FILMS and BOOKS… Watt a Screenwriter and a Novelist… in his own words (part 1)

#2010s #2020s


Joining the ranks of Bill Forsyth and Armando Iannucci, introducing another wonderful writer from Scotland…


Sharing Chris Watt’s thoughts about his sensational writing, and methinks, a potential all-star Scottish movie adaptation.




I approached the talented and award winning screenwriter and novelist, Chris Watt for an interview. On replying, this generous Scot shared what has become the motherload of future posts of all sorts with me. These 3 posts all kicked off a wee while ago after he, Kaleidoscope Home Entertainment and Mike from The Warrior Agency kindly let me review Chris’ screenplay as transferred to the screen in Stalker (2022), a British indie film.

Chris’ thrilling screenplay was brought to life in this for the most part two-hander. It has an outstanding performance from Sophie Skelton from Outlander (2014-) and she stars with the multi-talented on and off-screen, Stuart Brennan. The film tells of an egoistic actress stuck in a hotel lift with a timid colleague in a deserted hotel, with unpredictable phone reception. This was filmed during the pandemic which adds volumes to the claustrophobia, as these characters’ true selves are revealed…

In the first of 2 posts – taken from a future interview with Chris – he tells more about his most recently filmed screenplays, and how their vision was transferred to the big screen. My questions are in bold, and his in normal type…


Tell me about all your screenplays with a couple of sentences for each…

I’m twenty or so years in at this point, which means that I have gathered a large amount of work, but we’ll talk a little about the ones that I have coming up.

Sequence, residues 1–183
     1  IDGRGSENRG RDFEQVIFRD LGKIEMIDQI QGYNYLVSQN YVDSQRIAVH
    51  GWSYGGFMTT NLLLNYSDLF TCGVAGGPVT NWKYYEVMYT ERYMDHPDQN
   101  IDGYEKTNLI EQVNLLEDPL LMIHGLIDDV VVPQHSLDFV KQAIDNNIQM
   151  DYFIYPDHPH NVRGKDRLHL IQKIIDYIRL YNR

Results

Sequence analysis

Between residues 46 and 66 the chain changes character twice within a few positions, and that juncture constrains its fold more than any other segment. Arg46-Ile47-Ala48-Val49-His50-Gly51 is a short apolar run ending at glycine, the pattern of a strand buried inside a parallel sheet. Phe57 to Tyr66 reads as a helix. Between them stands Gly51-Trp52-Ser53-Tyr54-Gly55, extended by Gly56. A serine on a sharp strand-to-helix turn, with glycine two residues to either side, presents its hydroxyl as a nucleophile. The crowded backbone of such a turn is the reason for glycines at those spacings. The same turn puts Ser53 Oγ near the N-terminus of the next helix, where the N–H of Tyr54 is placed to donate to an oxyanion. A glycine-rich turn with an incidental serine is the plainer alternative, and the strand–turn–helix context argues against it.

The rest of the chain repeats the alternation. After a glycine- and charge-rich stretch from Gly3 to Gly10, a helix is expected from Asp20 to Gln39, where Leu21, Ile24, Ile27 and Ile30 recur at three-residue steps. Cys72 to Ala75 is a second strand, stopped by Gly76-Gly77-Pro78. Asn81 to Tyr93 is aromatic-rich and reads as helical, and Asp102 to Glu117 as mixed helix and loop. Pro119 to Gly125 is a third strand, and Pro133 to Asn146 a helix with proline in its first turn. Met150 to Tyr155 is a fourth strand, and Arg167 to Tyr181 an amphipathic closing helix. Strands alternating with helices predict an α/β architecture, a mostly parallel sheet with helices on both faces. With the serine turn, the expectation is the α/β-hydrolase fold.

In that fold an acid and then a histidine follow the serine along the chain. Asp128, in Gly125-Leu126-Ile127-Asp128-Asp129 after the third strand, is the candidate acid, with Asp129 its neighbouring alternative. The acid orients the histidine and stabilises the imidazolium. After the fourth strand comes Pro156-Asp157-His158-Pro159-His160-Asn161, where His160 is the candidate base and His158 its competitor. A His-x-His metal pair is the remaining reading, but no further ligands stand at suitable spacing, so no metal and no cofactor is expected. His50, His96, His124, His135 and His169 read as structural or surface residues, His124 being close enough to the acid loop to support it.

Stalker (2022)

Stalker (2022) – OFFICIAL TRAILER, KaleidoscopeEnt

Stalker, which premiered at Frightfest this year and is just about to launch on DVD and digital.* Stalker is a psychological horror thriller in which an actor (played by Outlander‘s Sophie Skelton) finds herself trapped in a freight elevator with a man (played by BAFTA winner Stuart Brennan) who is seemingly obsessed with her. Essentially a claustrophobic game of cat and mouse, in which we never leave the elevator for the duration of the film, Stalker represents my first official screenwriting credit and I’m very excited to see what the public makes of it, as it explores some very, very dark themes.


Coming soon, The Mire…

The Mire | NEW Eve of Ascension Trailer – Official, Apple Park Films

Then there is The Mire which I wrote back in 2020, for director Adam Nelson. The Mire is another contained thriller (although this time there is a whole church to play with, rather than an elevator) that focuses on a character named Joseph Layton, who is the leader of a cult known as The Canon.